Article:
Henderson brought a negligence claim against Dorset Healthcare University NHS Foundation Trust, which admitted liability for not returning her to hospital when her psychiatric condition deteriorated, and accepted that had it done so, her mother would not have died.

The Supreme Court again looked at the three stages identified in the Patel v Mirza case. However this time it found that the reasons for allowing Henderson’s claim did not outweigh the reasons for denying it. Refusing her claim was not disproportionate, and maintaining the integrity of the legal system was more important than making Dorset Healthcare responsible for Henderson’s mother’s death, it ruled.

Fletcher Michael_November 2019

Michael Fletcher

Partner

The case of Patel v Mirza was the subject of much commentary when it was originally decided. It is helpful to claimants and defendants that the Supreme Court has applied the judgment again and in this context, provided further clarity on how the courts should approach the illegality defence in the future

Craig Connal QC said a broad thread or moral right ran through both cases.

Connal said: “To an untutored observer, the result in Henderson may seem obvious. Allowing a claim for the consequences of having killed another person should only produce one answer. The critical – perhaps even unsympathetic – approach to the property lawyers in the other may appear to have influenced the result. A lawyer being sued by a fraudster might look at the matter through a different lens.”

Litigation expert Michael Fletcher, also of Pinsent Masons, said: "This is the first time the Supreme Court has considered the application to solicitors’ negligence claims of the more flexible, policy-driven approach to the illegality defence which it established in the case of Patel v Mirza. The illegal act of the claimant will not necessarily cause its claim to fail."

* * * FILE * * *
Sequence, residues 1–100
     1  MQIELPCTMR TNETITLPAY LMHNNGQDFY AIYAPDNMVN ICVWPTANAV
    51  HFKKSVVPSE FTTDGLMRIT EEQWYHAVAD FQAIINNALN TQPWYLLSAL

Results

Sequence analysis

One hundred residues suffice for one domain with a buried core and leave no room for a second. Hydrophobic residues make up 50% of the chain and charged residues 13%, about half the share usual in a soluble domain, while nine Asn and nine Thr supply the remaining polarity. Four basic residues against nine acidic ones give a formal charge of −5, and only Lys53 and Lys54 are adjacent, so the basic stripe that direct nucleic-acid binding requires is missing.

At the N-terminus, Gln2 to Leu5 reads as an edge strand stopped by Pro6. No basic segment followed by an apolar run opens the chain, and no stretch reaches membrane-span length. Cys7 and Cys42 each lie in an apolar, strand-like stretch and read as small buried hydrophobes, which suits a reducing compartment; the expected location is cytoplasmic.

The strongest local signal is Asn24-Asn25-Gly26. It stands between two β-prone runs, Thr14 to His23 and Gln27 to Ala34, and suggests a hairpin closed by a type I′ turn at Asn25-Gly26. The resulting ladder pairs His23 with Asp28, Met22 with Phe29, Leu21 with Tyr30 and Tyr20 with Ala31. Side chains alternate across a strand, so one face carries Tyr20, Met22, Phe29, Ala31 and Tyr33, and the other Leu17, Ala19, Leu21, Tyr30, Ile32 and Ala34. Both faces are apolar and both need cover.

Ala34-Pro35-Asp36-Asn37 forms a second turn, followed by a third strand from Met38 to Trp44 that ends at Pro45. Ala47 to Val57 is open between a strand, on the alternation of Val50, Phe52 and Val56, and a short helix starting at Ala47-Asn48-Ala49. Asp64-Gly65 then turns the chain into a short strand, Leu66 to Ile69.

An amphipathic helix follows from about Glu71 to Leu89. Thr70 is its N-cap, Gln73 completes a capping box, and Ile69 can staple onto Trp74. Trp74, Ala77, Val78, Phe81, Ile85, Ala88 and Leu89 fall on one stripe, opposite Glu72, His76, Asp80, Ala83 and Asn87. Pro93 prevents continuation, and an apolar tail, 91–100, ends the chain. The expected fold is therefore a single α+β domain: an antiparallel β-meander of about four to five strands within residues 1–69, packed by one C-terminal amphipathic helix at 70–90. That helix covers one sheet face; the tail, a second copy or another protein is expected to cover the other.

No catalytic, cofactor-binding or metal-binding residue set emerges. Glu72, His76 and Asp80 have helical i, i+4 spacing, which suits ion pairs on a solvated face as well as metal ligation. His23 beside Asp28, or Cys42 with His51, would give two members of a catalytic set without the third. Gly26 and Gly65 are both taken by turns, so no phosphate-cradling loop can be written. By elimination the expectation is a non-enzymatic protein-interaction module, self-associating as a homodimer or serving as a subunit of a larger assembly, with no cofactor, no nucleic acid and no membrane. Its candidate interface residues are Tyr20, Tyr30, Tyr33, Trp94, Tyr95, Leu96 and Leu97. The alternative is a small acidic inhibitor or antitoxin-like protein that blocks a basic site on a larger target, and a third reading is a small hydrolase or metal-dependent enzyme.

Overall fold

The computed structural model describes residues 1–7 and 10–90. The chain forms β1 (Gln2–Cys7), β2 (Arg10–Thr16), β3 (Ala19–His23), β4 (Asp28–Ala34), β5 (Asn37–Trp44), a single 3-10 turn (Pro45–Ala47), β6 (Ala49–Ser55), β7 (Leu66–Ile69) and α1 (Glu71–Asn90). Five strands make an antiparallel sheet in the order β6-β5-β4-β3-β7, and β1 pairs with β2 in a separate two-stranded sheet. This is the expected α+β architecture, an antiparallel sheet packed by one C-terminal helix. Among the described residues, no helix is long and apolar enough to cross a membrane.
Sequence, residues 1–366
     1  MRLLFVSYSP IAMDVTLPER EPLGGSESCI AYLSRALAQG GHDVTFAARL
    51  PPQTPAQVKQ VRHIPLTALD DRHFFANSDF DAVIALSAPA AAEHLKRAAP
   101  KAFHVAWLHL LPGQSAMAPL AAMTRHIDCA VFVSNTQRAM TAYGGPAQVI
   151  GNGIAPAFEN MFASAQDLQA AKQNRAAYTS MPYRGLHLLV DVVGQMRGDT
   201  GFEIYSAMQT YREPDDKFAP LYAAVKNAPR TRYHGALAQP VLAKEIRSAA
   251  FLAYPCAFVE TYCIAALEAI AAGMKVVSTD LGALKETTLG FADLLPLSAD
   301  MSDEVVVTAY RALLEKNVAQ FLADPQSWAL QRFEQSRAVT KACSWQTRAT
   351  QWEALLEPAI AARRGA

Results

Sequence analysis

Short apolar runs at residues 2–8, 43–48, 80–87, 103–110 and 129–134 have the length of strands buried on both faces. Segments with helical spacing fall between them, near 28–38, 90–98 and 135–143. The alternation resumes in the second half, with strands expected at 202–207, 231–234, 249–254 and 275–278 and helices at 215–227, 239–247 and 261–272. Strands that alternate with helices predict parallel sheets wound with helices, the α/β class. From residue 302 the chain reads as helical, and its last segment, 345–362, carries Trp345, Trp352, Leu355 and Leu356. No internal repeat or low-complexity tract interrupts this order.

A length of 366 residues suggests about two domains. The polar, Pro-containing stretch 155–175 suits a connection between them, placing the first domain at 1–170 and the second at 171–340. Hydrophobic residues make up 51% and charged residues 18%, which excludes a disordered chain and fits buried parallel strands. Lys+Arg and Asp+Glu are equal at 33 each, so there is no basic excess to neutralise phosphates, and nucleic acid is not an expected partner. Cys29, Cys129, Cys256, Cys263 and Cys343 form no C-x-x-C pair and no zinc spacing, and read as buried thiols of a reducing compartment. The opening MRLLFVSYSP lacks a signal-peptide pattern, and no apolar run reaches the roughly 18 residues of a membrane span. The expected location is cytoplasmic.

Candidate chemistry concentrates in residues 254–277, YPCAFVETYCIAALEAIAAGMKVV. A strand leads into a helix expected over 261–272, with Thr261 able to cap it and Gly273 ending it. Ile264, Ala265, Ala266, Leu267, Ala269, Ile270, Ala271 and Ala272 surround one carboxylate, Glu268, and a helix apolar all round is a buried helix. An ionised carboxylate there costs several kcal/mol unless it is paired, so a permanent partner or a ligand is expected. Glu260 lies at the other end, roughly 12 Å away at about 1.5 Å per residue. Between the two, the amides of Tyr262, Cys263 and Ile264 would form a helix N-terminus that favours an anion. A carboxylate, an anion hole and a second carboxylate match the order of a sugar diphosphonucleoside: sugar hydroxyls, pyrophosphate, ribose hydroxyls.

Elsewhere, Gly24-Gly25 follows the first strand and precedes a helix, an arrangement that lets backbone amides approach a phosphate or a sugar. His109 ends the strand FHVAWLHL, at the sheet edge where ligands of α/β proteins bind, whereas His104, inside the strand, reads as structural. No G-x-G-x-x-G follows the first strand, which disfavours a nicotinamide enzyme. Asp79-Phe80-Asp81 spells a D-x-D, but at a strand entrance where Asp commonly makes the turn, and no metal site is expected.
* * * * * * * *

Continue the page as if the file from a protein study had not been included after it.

"The Supreme Court considered that the key 'essential question' to be determined was whether to allow the claim would damage the integrity of the legal system by permitting incoherent contradictions in the law. The Supreme Court therefore balanced the public policy reasons which underpin the criminalisation of mortgage fraud with the public policy reasons for holding negligent solicitors liable for losses caused by their negligence. Here, the negligence was in the registration of the property following its transfer; regardless of the fact of the mortgage fraud, title had passed to Ms Grondona but the solicitors failed properly to register that title. The public policy reasons behind criminalising mortgage fraud would not be contradicted by finding the solicitors liable for negligence in failing to register title, which would also have been in the lending bank’s interests, and so the defence failed," he said.

"The case of Patel v Mirza was the subject of much commentary when it was originally decided. It is helpful to claimants and defendants that the Supreme Court has applied the judgment again and in this context, provided further clarity on how the courts should approach the illegality defence in the future," Fletcher said.

Civil fraud and asset recovery specialist Andrew Herring, also of Pinsent Masons, said: "The ruling in Stoffel v Grondona reinforces the policy-based approach adopted recently in the case of Dreamvar v Mishcon de Reya, as it appears that there is now a trend of courts being willing to transfer the risk of fraud on to property lawyers and other professionals involved in their clients’ transactions."

"Given the current economic climate, it is likely that we will begin to see a significant increase in frauds becoming uncovered and consequential claims against professionals. It is therefore more important than ever for solicitors in all practice areas, as well as other professionals, to fully understand the detail behind any advice being provided to clients and to ensure that they are far more diligent about the checks being undertaken during a transaction," he said.

Co-written by Craig Connal QC.